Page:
To be more specific: I have an article in the Pamela Anderson issue currently on newsstands. The article does not appear to be online, but it's on p. 168 of the magazine--the Playboy forum. (Kinda hard to find, but you'll get there.) The piece is about scientists who aren't religious, but are spiritual, in an atheistic sort of way. An excerpt:
But can scientists who say they are awestruck by nature and moved by their research really relate to more traditional religious experiences, a la those reported by saints? Aren't "awe" and "wonder" nondescript notions that add emotional embroidery to the brute facts of the universe? Perhaps not. Feelings of awe, wonder and mystery recur in the context of human quests for deeper understanding or revelation. In his 1917 work The Idea of the Holy, German theologian Rudolph Otto singled out a sense of awe as a key characteristic of our encounters with what he termed the "numinous"--an overwhelming power or presence beyond ourselves. Science can unleash this feeling too. Just sit in a darkened room and look at nebulae pictures from the Hubble Space Telescope, as University of Rochester astrophysicist Adam Frank describes doing in his book The Constant Fire: Beyond the Science vs. Religion Debate. "Scientists are not the only ones who catch their collective breath before these pictures," he writes. "The momentary hush and the gasp that follow are involuntary."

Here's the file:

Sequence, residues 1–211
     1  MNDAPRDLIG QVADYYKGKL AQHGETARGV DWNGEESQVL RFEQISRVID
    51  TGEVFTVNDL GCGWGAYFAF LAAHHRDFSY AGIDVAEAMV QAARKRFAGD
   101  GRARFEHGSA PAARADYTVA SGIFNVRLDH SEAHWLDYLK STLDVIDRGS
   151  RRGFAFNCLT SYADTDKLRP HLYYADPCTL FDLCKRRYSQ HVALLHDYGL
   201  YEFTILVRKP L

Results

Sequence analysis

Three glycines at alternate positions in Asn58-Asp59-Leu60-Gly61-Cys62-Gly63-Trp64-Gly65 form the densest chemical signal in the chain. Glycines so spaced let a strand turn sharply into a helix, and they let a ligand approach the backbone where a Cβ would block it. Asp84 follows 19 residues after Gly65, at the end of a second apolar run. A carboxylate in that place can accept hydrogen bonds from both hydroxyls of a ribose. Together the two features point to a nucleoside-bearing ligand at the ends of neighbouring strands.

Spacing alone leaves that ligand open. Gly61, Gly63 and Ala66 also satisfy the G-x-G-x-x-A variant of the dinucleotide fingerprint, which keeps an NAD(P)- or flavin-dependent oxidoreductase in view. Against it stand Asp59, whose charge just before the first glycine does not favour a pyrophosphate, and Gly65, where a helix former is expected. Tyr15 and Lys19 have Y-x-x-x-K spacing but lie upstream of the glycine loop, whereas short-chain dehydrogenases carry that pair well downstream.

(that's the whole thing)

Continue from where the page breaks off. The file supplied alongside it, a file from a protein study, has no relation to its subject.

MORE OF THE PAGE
Please note...if looking at the Pamela Anderson cover image makes you feel awe, wonder, or spirituality...you may need a type of care beyond anything that this blog can offer.